Some while ago, I read a comment by a British watercolourist, Tony Foster, who had been painting on both the North and South Rims of the Grand Canyon. (He managed to paint six-foot wide pieces on location, quite a feat in of itself!) What he said was, "My thesis is that despite a world overloaded with imagery, certain places still retain the power to inspire awe and wonder. All of my work is based on the philosophy that our planet is a gloriously beautiful but fragile place, and that as an artist, it is my role to deliver a testament to the fact that wild and pristine places still exist."
He is right. Art is one way to remind people that we are still able to visit places that transcend our normal humdrum lives, with beauty and grandeur that humble and inspire us. But the subtext of such reminders is that we need to be vigilant, thoughtful custodians of such places.
This past weekend, when I was out along the Georgia coast, drawing, I felt myself to be in such a place of inspiration. There is something about a natural environment that has not been much changed nor manipulated by man: it has another feel, another rhythm. More primal, perhaps, but infinitely more powerful, subtle, complex and yet, very fragile. As you settle down in such a place to try and create art plein air, the magic of the place begins to seep in - the lay of the land, the movement of water, the breezes, the sounds, the play of light. It is hard to access how these influences show up on the art one is creating - perhaps only others can see them. Nonetheless, there is an alchemy, an inspiration that keeps one going.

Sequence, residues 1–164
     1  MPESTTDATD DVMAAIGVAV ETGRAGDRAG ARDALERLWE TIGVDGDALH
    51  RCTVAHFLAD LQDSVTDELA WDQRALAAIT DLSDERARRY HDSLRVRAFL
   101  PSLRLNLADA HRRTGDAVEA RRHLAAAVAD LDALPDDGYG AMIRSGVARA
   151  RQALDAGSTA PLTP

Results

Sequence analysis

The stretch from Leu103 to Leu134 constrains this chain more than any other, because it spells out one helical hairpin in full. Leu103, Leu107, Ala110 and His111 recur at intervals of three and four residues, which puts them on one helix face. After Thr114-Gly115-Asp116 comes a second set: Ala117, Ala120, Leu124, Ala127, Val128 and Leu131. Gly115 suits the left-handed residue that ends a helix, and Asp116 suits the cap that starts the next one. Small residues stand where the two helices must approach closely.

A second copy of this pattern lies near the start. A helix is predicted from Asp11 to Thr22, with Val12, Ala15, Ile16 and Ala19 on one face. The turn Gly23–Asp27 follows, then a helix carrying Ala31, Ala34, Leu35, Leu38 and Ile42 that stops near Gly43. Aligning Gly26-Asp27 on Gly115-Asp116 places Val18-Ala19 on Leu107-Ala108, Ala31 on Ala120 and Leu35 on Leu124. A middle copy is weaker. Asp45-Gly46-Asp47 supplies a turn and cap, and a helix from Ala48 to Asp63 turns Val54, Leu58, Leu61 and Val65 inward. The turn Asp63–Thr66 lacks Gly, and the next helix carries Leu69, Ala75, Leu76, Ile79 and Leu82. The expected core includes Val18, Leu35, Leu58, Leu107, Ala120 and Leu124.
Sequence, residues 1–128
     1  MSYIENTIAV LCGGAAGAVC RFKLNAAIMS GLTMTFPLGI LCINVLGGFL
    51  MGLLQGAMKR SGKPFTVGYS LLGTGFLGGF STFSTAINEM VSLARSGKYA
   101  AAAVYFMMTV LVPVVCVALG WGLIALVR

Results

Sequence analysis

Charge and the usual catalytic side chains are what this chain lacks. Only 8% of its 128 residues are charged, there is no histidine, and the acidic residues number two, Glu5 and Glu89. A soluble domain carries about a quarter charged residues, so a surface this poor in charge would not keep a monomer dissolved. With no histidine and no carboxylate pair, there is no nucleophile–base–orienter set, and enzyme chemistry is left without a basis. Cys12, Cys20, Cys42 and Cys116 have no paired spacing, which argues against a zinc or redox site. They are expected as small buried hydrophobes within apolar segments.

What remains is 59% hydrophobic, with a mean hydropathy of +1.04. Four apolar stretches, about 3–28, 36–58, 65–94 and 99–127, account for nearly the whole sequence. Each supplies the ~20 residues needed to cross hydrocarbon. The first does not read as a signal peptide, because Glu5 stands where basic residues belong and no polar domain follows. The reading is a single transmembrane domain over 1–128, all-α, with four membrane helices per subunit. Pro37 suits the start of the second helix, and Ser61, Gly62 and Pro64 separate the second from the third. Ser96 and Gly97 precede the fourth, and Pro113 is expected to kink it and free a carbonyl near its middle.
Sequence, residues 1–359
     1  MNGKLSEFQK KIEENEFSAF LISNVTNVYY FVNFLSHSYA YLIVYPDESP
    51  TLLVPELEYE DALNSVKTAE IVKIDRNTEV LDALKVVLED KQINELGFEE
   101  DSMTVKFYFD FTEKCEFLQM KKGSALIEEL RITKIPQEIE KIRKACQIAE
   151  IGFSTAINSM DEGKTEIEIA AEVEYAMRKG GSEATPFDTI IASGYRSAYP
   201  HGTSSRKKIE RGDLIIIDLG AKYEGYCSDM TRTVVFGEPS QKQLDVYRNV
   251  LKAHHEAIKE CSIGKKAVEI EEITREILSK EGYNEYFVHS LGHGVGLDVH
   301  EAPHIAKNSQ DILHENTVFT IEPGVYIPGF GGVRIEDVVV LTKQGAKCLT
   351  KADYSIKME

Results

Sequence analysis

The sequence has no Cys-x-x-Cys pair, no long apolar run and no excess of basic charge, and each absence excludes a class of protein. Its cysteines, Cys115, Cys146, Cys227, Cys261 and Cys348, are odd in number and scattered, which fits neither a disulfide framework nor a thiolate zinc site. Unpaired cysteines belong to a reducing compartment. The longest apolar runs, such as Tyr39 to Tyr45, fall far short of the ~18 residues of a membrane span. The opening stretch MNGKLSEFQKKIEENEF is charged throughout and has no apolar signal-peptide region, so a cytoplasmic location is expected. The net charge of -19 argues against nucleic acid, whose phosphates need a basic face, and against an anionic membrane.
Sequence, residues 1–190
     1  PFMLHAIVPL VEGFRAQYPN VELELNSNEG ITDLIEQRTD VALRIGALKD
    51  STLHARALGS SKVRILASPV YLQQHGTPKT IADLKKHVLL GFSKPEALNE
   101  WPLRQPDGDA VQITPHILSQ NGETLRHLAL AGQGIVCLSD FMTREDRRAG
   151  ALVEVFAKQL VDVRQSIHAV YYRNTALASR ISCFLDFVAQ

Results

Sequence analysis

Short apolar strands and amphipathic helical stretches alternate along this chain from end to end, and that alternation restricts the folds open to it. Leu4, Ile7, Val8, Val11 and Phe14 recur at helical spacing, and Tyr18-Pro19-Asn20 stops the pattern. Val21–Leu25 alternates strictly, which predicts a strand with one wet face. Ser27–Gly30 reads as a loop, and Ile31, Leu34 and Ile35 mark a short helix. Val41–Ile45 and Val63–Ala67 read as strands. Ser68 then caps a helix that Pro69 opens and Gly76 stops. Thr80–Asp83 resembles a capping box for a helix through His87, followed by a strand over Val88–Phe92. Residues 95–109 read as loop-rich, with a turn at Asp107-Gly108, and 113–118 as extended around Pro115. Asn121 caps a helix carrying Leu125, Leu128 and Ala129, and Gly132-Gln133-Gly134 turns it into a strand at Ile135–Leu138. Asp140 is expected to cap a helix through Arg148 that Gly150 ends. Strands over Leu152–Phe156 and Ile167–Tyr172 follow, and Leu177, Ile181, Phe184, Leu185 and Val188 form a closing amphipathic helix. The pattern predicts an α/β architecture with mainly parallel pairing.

Even when the art one is creating is on a small scale, unlike Tony Foster's, the dialogue between place and artist is very much there. Perhaps one is working almost instinctively, but the influences and inspiration of the place seep into what one is doing.
This metalpoint drawing, Marsh wrack, is about the wonderful, but seemingly chaotic patterns left by the dead Spartina grass swept up onto the high water mark by spring tides and left there to decay and re fertilise the salt water marshes. Having spent time drawing a tenaciously majestic dead red cedar tree in Prismacolor, it was interesting to focus in on the marsh wrack lying in rafts along the shore at high water mark.
Both these drawings were, in essence, about the cycle of life in such natural, wild places. The dead cedar was decaying, slowly and inexorably, host to lichen and insects, just as the marsh wrack was home to innumerable small crabs and insects who helped break down the grass stems.
These places of inspiration owe at least some of their power, perhaps, to the implicit reminders that, untrammelled by man's intervention, nature continues its exquisitely balanced and logical cycles of birth, growth, decay. We are straying into a world that should, and can when allowed to, continue to evolve and exist in amazing, elegant sophistication.
As artists, we are privileged to get glimpses of these wonders.